Out West Arts: Performance at the end of the world

Opera, music, theater, and art in Los Angeles and beyond

Once Again With Feeling

September 12, 2012

Rachel Sorsa, Jayme Lake, Arsene Delay, and Melody Butiu Photo: 2012 Craig Schwartz/Getty Villa 2012
Euripides’ Helen is one of those reminders that there hasn’t been anything new since antiquity. It is as arch and post-modern as anything you can think of with its deconstructed storyline and revisionist aesthetic. The play, which is currently being presented by The Getty Villa as their annual theatrical offering in the outdoor amphitheater this fall, is slyly modern, a stance only abetted by Nick Salamone’s adaptation directed here by Jon Lawrence Rivera for Playwrights’ Arena. Written just years after The Trojan Women, Euripides returns to the fall of Troy and the fate of the beautiful Helen by retelling the legend with a completely different narrative capturing another co-existing version of the fate of those who were so intimately involved in the fall of Troy. This time around, we find Helen living on the Egyptian island of Pharos where she was magically transported at the time of her original kidnapping from Menelaos and replaced with a double who was carried onto Troy and the arms of Paris. She has sat by and tragically waited and wondered over the fate of her husband and people for 17 years and knows nothing of her double’s existence in Troy. Thus when Menelaos and some of his soldiers wash ashore on their journey home, the two fail to immediately recognize one another until they eventually align to escape the despotic rule of Theonoe and Theoclymenus.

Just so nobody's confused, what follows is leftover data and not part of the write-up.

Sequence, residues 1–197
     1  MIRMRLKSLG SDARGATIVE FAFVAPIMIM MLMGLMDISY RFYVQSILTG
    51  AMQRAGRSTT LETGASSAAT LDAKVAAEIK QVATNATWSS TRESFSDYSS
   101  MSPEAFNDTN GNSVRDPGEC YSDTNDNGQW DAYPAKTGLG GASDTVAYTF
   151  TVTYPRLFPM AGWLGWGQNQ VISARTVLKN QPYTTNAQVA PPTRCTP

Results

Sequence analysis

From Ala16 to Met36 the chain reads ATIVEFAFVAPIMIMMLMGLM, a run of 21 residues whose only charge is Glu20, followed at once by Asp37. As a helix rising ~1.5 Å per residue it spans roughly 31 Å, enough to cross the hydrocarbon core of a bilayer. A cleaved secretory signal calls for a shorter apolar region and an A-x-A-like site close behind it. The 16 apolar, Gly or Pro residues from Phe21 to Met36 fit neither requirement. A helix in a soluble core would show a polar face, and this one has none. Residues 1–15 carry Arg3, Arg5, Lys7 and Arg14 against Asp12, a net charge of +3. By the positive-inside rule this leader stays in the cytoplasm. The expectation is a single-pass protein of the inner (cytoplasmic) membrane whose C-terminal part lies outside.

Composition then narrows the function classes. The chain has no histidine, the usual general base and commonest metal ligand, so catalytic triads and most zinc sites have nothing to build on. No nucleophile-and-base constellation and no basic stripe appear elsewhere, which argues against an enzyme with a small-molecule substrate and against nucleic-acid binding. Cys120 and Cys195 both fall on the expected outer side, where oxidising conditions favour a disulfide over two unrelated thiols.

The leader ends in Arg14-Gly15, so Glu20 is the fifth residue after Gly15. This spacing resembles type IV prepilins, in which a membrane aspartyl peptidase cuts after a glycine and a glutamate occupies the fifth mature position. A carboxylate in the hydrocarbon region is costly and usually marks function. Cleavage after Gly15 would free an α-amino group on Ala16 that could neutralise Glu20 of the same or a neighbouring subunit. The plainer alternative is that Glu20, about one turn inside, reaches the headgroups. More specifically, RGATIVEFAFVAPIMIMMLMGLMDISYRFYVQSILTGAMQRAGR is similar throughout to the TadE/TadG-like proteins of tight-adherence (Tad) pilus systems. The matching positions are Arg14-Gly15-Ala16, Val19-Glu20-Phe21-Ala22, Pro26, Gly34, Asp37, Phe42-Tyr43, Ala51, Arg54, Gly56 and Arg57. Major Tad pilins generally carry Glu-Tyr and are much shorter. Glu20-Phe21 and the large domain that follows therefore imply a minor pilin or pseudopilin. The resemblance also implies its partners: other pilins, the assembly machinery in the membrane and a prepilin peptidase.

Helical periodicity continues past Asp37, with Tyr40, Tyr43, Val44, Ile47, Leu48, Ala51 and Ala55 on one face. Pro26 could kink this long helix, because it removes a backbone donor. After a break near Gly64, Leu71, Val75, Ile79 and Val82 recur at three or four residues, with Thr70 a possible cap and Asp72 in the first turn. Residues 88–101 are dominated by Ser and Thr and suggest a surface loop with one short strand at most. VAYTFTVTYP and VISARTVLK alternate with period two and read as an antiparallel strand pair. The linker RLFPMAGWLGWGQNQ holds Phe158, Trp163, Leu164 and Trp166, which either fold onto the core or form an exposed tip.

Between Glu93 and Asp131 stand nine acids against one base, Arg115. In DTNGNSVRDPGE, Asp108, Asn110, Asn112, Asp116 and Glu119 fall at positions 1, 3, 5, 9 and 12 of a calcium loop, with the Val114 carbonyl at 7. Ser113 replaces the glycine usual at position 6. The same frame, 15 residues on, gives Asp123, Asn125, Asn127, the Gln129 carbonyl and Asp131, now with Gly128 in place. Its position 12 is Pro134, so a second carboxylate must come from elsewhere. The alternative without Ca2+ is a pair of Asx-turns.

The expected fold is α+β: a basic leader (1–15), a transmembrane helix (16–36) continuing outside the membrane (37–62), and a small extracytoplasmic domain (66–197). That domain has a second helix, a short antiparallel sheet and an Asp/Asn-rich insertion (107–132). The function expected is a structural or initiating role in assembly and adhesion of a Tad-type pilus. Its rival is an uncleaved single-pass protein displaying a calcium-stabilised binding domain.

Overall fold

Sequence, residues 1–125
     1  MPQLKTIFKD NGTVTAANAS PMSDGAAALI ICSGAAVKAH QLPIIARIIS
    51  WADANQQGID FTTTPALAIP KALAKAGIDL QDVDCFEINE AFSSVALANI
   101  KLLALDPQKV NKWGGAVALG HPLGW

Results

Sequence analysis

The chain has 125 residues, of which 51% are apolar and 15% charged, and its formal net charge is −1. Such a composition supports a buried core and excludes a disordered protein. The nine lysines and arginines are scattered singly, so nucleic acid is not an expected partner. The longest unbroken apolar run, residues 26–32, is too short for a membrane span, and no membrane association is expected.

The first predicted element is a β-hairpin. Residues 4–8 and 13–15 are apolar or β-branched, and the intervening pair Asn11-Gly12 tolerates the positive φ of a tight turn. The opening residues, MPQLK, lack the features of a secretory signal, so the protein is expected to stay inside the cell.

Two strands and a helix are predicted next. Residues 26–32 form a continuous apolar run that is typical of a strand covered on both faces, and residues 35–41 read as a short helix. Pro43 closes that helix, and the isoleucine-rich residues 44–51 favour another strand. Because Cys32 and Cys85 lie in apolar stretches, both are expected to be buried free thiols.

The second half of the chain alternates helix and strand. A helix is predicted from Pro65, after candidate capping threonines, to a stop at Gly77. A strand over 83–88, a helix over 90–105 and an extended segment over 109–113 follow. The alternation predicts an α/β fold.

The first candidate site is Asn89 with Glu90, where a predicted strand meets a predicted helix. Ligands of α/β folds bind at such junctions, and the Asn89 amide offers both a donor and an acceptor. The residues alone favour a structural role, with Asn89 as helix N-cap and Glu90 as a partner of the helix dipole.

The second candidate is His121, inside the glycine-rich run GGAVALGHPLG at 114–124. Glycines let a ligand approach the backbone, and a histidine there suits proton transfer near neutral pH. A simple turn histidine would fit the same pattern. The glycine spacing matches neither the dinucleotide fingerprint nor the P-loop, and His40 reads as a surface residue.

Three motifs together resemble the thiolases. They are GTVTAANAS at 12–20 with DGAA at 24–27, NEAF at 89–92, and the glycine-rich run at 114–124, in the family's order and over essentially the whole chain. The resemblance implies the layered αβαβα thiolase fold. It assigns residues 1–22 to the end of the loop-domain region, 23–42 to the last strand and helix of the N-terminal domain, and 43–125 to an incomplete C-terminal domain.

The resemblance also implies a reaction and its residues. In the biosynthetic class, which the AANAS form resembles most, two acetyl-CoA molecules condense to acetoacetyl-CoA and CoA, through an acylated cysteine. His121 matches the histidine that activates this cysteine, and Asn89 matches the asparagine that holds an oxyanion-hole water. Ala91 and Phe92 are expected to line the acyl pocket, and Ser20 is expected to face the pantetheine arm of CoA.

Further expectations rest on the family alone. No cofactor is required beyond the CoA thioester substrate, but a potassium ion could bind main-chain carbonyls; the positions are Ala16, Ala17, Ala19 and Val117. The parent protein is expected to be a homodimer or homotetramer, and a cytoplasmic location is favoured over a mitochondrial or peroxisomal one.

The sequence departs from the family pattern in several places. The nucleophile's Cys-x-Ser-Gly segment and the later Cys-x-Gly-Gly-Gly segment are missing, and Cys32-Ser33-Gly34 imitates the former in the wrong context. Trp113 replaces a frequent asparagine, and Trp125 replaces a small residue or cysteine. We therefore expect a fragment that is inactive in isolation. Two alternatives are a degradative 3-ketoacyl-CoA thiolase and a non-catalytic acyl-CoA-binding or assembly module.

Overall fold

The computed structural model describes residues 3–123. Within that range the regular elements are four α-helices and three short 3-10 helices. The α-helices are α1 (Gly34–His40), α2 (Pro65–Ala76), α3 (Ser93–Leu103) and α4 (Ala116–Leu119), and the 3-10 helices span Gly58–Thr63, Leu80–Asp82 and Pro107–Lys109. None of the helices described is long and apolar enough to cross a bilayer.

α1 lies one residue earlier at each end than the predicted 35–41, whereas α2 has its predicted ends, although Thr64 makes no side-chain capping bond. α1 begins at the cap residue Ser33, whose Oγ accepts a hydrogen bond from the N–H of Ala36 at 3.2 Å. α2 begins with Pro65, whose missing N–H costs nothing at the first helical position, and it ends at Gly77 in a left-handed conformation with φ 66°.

Helen may not have Strauss’ music, but it certainly has the fun of Hugo von Hofmannsthal’s libretto for Ariadne auf Naxos. Even more so in this adaptation which casts Helen, the chorus and many of the other characters as Hollywood movie star archetypes including Elizabeth Taylor’s Cleopatra and Vivien Leigh’s Scarlett. The point, of course, is that the most beautiful woman in history has been unfairly demonized and in fact is just a woman waiting for the return of her husband and misunderstood by so many. It’s a crafty and reasonable gesture on Salamone’s part especially for the chorus. But it doesn’t always work and the metaphor fizzles out long before the play is over. It can also be disturbing at times as Hattie, the slave to Theoclymenus and Theonoe in this version, is directed with relentless reference to the character of Mammy from Gone With the Wind. The minstrelsy is supposed to come off as more ironic commentary, but it doesn’t always succeed, creating some sitcom style laughs in pockets of the audience over the play’s short 90 minute running time.

But the show, which makes excellent use of the amphitheater’s space, still drives home the intellectual magic of Euripides work with its morphing of twice told tales through their very repetition. Rachel Sorsa stands at the center as the discarded queen in hiding and manages to keep things crisp without descending into parody or camp along the way, a temptation that can easily creep into this material. I was also enamored with the three choristers – Melody Butiu, Arséne DeLay and Jayme Lake who milk their Hollywood femme fatales for gags but also were able to side step playing them as mere practical jokes. This Helen is good for the Getty and it provides audiences here with one of the most watchable shows the Getty Villa has yet put on. If you get a chance, it comes recommended before it closes on September 29th.


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